Articles by Adam Thierer

Adam ThiererAdam is a senior research fellow at the Mercatus Center at George Mason University. He previously served as President of the Progress & Freedom Foundation, Director of Telecom. Studies at the Cato Institute, and Fellow in Economic Policy at the Heritage Foundation.


In a new essay in The Dallas Morning News (“Licensing restrictions for health care workers need to be flexible to fight coronavirus“), Trace Mitchell and I discuss recent efforts to reform occupational licensing restrictions for health care workers to help fight the coronavirus. Trace and I have written extensively about the need for licensing flexibility over the past couple of years, but it is needed now more than ever. Luckily, some positive reforms are now underway.

We highlight efforts in states like Massachusetts and Texas to reform their occupational licensing rules in response to the crisis, as well as federal reforms aimed at allowing reciprocity across state lines. We conclude by noting that:

It should not take a crisis of this magnitude for policymakers to reconsider the way we prevent fully qualified medical professionals from going where they are most needed. But that moment is now upon us. More leaders would be wise to conduct a comprehensive review of regulatory burdens that hinder sensible, speedy responses to the coronavirus crisis.

If nothing else, the relaxation of these rules should give us a better feel for how necessary strict licensing requirements truly are. Chances are, we will learn just how costly the regulations have been all along.
Read the entire piece here.

I was pleased to see the American Psychological Association’s new statement slowly reversing course on misguided past statements about video games and acts of real-world violence. As Kyle Orland reports in Ars Technica, the APA has clarified its earlier statement on this relationship between watching video game depictions of violence and actual youth behavior. The APA’s old statement said that evidence “confirms [the] link between playing violent video games and aggression.”  But the APA has come around and now says that, “there is insufficient scientific evidence to support a causal link between violent video games and violent behavior.” More specifically, the APA says: 

The following resolution should not be misinterpreted or misused by attributing violence, such as mass shootings, to violent video game use. Violence is a complex social problem that likely stems from many factors that warrant attention from researchers, policy makers and the public. Attributing violence to violent video gaming is not scientifically sound and draws attention away from other factors.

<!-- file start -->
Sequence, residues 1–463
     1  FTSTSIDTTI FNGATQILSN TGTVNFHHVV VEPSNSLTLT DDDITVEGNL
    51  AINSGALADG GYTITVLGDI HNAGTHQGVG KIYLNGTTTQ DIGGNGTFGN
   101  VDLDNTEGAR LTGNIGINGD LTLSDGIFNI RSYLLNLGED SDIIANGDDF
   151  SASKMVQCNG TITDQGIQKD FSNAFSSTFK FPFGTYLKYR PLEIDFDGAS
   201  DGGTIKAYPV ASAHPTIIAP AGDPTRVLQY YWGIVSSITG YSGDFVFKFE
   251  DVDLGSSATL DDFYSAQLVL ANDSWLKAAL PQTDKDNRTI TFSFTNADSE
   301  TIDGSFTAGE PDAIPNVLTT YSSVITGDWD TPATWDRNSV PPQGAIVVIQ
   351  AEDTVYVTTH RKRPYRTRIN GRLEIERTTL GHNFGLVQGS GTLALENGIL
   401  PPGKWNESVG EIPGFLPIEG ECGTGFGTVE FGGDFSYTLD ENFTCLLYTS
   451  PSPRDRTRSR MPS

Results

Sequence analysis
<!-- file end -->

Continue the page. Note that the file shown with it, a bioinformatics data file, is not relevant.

This is a welcome change of course because the APA’s earlier statements were being used by politicians and media activists who favored censorship of video games. Hopefully that will no longer happen.

“Monkey see, monkey do” theories of media exposure leading to acts of real-world violence have long been among the most outrageously flawed theories in the fields of psychology and media studies.  All the evidence points the opposite way, as I documented a decade ago in a variety of studies. (For a summary, see my 2010 essay, “More on Monkey See-Monkey Do Theories about Media Violence & Real-World Crime.”)

In fact, there might even be something to the “cathartic effect hypothesis,” or the idea first articulated by Aristotle (“katharsis”) that watching dramatic portrayals of violence could lead to “the proper purgation of these emotions.” (See my 2010 essay on this, “Video Games, Media Violence & the Cathartic Effect Hypothesis.”)

Of course, this doesn’t mean that endless exposure to video game or TV and movie violence is a good thing. Prudence and good parenting are still essential. Some limits are smart. But the idea that a kid playing or watching violent act will automatically become violent themselves was always nonsense. It’s time we put that theory to rest. Thanks to the new APA statement, we are one step closer.

P.S. I recently penned an essay about my long love affair with video games that you might find entertaining: “Confessions of a ‘Vidiot’: 50 Years of Video Games & Moral Panics

On the latest Institute for Energy Research podcast, I joined Paige Lambermont to discuss:

  • the precautionary principle vs. permissionless innovation;
  • risk analysis trade-offs;
  • the future of nuclear power;
  • the “pacing problem”;
  • regulatory capture;
  • evasive entrepreneurialism;
  • “soft law”;
  • … and why I’m still bitter about losing the 6th grade science fair!

Our discussion was inspired by my recent essay, “How Many Lives Are Lost Due to the Precautionary Principle?”